"To date, we have identified hundreds of insects that people in Texas suspect might be Asian giant hornets (murder hornets)," Porter said. "Eighty percent of these have been either the eastern cicada killer or western cicada killer. It is understandable how non-entomologists would have trouble deciding which was which."
How to tell the difference
"First, the Asian giant hornet is native to Japan and South Korea, and it has only been found in parts of British Columbia, Canada and the northwestern corner of Washington state," Davis said. "There have been no confirmed reports of these hornets in other U.S. locations, including Texas."
There are a number of Texas native species of wasp, hornet, yellow jacket and bees, but what really separates Asian giant hornet and a few of our native species is their size. The ones most likely to be confused with Asian giant hornet are three species of cicada killers and the pigeon horntail.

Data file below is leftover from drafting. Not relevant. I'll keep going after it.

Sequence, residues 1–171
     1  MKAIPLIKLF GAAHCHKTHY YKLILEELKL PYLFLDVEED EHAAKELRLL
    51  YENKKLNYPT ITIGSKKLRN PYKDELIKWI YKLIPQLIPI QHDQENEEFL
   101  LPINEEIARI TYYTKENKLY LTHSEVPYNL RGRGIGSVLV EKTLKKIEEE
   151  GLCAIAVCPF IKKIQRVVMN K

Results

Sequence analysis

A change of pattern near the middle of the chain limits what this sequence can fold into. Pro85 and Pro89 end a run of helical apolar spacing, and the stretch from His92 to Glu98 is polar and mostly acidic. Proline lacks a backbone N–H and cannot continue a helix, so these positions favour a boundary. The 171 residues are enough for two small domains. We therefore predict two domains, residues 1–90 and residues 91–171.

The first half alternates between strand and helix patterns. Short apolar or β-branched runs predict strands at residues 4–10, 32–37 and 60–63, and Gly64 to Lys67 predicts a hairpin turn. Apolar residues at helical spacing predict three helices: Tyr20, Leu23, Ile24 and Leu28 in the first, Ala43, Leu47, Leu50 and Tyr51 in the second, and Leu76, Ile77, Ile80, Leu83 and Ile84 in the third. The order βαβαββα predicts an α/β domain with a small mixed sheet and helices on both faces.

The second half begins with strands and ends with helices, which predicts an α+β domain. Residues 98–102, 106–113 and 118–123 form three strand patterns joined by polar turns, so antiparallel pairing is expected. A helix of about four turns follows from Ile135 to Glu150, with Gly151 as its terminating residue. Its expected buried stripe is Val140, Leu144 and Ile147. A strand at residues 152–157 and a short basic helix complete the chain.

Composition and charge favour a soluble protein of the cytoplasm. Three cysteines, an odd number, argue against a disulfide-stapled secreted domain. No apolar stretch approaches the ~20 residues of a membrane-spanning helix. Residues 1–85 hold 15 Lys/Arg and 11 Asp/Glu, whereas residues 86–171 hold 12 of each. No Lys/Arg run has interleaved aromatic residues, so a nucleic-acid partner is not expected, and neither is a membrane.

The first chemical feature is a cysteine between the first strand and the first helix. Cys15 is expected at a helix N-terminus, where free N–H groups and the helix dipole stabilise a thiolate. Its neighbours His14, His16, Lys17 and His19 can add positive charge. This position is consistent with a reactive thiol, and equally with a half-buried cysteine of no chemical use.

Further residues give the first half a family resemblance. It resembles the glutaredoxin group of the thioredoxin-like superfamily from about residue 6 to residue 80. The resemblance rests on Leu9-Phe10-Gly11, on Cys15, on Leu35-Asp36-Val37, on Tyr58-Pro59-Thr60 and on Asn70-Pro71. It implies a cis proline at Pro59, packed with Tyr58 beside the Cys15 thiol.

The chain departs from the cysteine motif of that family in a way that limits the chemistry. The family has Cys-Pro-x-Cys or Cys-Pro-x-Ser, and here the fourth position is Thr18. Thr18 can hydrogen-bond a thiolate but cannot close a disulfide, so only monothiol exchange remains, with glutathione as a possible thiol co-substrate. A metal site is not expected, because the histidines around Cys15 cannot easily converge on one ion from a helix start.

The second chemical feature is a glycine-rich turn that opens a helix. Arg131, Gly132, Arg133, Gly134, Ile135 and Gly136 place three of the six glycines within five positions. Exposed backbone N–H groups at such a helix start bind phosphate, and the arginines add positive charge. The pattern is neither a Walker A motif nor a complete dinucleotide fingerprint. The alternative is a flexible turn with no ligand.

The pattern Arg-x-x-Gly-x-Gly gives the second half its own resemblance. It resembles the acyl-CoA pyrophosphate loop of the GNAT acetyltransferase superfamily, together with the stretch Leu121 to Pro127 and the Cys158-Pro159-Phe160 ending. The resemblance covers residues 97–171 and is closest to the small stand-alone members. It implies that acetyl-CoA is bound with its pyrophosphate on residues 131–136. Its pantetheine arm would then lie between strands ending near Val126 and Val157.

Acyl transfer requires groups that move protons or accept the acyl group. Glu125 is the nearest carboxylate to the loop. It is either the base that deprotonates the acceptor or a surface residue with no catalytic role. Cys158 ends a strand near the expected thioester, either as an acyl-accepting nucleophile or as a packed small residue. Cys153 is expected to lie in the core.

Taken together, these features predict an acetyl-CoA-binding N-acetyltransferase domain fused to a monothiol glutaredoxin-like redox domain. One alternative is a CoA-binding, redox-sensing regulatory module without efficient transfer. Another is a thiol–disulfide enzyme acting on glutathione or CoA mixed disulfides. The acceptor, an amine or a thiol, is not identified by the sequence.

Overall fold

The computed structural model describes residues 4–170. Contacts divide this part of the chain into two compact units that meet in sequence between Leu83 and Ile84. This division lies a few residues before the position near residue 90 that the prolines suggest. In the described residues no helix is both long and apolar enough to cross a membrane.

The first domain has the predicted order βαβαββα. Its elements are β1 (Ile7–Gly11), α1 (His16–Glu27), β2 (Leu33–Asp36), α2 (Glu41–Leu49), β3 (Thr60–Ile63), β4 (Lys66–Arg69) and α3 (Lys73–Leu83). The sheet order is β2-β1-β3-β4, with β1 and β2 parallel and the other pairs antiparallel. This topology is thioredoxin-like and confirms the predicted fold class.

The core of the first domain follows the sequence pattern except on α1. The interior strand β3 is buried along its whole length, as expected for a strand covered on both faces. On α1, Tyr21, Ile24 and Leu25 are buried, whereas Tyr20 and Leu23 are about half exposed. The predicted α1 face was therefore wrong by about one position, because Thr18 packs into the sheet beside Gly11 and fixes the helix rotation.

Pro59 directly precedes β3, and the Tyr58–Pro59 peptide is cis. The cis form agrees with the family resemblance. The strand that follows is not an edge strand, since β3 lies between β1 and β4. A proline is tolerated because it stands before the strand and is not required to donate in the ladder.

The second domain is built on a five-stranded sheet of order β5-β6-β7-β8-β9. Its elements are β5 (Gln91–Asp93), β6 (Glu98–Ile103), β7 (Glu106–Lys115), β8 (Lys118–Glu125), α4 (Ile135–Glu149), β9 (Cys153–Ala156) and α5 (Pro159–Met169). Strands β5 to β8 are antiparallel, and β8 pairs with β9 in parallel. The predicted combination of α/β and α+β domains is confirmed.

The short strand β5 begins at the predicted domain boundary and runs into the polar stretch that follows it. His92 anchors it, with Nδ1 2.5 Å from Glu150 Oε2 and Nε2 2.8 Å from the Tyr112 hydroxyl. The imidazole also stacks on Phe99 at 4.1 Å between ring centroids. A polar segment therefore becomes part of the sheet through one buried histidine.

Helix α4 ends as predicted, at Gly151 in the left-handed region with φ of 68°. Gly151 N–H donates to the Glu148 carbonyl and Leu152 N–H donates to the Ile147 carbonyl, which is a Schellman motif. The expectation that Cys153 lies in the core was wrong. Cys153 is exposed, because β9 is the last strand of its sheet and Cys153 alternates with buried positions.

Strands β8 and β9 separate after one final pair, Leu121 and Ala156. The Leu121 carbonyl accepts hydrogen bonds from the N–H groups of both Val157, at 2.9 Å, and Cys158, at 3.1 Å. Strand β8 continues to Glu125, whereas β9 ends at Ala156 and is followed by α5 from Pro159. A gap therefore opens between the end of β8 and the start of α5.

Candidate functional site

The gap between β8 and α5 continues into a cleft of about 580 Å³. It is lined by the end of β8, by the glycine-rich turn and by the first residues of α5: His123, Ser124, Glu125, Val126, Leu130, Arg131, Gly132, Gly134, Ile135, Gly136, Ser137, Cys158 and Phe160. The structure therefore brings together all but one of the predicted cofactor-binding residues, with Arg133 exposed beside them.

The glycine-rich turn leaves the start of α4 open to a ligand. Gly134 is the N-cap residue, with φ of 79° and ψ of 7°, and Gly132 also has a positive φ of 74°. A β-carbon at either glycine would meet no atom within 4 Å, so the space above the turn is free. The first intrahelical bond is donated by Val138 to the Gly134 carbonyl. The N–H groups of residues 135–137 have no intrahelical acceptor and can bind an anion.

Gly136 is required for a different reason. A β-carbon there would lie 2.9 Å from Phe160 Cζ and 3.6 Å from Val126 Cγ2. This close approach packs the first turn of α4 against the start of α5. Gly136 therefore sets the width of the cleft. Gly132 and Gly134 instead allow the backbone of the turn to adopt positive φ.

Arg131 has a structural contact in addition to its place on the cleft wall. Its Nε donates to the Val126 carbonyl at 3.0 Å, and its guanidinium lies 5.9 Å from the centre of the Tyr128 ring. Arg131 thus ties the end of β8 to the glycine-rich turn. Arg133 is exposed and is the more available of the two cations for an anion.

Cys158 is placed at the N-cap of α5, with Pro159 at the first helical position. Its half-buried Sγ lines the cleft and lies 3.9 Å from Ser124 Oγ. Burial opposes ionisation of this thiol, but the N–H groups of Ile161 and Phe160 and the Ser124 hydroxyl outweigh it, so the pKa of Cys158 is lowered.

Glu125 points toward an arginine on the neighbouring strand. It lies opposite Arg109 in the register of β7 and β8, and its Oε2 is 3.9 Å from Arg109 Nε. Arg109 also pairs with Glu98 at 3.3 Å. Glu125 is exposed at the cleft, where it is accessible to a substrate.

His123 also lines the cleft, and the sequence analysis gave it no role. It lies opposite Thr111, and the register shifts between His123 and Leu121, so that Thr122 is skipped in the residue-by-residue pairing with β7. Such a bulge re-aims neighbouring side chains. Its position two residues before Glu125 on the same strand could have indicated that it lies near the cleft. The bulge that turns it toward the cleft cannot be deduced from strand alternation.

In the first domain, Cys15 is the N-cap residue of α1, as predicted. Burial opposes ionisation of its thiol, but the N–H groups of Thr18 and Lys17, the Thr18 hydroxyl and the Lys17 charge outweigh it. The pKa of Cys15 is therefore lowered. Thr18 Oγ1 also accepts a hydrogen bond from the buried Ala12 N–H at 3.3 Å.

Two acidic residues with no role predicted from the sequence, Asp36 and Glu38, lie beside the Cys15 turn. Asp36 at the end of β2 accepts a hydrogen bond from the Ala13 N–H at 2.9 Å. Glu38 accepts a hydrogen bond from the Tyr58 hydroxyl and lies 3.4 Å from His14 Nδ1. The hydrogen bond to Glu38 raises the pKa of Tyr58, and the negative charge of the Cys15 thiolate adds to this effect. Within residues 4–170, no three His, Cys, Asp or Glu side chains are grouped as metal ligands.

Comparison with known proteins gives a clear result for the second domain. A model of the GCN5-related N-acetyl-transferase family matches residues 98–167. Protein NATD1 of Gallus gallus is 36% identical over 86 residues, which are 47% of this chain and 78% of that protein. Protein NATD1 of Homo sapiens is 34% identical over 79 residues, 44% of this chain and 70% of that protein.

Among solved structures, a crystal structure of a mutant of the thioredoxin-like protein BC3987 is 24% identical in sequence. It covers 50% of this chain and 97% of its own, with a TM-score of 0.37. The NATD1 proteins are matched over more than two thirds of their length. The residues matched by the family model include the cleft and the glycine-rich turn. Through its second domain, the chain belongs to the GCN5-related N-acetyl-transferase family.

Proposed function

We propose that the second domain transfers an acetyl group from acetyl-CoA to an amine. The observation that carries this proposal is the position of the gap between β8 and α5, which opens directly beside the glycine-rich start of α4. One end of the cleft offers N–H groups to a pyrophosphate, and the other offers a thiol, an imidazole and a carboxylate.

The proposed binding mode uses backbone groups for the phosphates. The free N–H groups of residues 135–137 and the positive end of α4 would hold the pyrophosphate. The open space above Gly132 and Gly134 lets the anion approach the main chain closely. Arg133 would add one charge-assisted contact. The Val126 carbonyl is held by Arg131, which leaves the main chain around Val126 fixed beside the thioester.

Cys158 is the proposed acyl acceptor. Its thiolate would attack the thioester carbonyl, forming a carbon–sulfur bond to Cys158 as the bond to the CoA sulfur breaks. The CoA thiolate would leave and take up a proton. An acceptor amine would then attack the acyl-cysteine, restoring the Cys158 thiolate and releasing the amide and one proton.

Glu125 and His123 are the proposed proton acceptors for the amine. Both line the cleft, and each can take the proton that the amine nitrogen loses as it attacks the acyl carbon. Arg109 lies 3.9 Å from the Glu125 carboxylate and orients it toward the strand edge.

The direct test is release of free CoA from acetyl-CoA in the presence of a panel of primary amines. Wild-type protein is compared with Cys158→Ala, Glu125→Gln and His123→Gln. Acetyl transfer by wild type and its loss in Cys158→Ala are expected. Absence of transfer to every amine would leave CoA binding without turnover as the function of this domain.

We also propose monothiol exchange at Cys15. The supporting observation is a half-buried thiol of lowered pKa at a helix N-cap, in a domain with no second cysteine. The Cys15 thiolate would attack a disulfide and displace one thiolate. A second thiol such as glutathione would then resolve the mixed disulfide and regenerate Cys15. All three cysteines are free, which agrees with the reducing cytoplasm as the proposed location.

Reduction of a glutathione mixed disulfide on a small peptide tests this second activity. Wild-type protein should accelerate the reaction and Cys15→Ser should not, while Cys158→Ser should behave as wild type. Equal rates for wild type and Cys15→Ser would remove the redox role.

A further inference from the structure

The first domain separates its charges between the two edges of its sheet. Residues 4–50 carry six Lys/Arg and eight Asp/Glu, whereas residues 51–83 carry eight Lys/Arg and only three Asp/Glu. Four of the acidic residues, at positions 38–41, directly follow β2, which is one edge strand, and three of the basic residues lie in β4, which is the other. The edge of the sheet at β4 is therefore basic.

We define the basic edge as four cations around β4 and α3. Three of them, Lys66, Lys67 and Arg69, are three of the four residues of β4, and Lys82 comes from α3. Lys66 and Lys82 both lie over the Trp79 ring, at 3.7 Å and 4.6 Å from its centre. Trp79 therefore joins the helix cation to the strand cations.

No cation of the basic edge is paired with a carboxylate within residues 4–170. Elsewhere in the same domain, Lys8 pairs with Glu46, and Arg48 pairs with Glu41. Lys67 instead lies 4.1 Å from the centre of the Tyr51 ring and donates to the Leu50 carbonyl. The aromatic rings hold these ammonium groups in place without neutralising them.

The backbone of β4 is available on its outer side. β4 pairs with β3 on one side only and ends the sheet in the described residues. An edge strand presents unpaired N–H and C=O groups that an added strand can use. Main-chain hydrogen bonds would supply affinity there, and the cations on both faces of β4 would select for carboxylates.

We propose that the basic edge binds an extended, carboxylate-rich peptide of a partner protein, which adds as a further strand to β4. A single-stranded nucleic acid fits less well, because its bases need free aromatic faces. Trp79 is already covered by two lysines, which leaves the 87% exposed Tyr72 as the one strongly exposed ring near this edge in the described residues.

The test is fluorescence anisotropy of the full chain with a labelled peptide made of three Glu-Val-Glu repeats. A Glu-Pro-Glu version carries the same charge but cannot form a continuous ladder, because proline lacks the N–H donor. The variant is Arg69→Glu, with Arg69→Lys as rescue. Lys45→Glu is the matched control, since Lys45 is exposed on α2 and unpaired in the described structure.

The Asian giant hornet is the world's largest known hornet measuring 1.5-2 inches in length. It has a head as wide as its shoulders, where the wings and legs are located, or wider, and it is a bright orange or yellow. The thorax, or shoulder portion where the wings and legs are connected, is a dark brown, as are the antenna. It has a much smaller or pinched waist and then smooth looking brown and orange stripes cover the abdomen.
The cicada killers, of which there are three different species here in Texas, are also quite large, measuring 1-1.5 inches in length. But they will all typically have a head that is narrower than the thorax. The head and the thorax are typically the same color, a darker orange or brown color. It does also have a pinched waist. But the stripes on the abdomen will be jagged and sometimes look like mountains.
The eastern cicada killer tends to be black and yellow. The western cicada killer is closer in color to the Asian giant hornet, being reddish brown and yellow. But there is no contrasting color between the head and thorax and the stripes are jagged on the western cicada killer.
The other group of insects that are most commonly confused with the Asian giant hornet are the horntail or wood wasps. They are large, have a distinct head that is as wide or wider than the thorax, and may share the same coloration as the Asian giant hornet. However, there is one trait that is easy to spot that is different, and that is the waist. Horntails lack any appearance of a waist.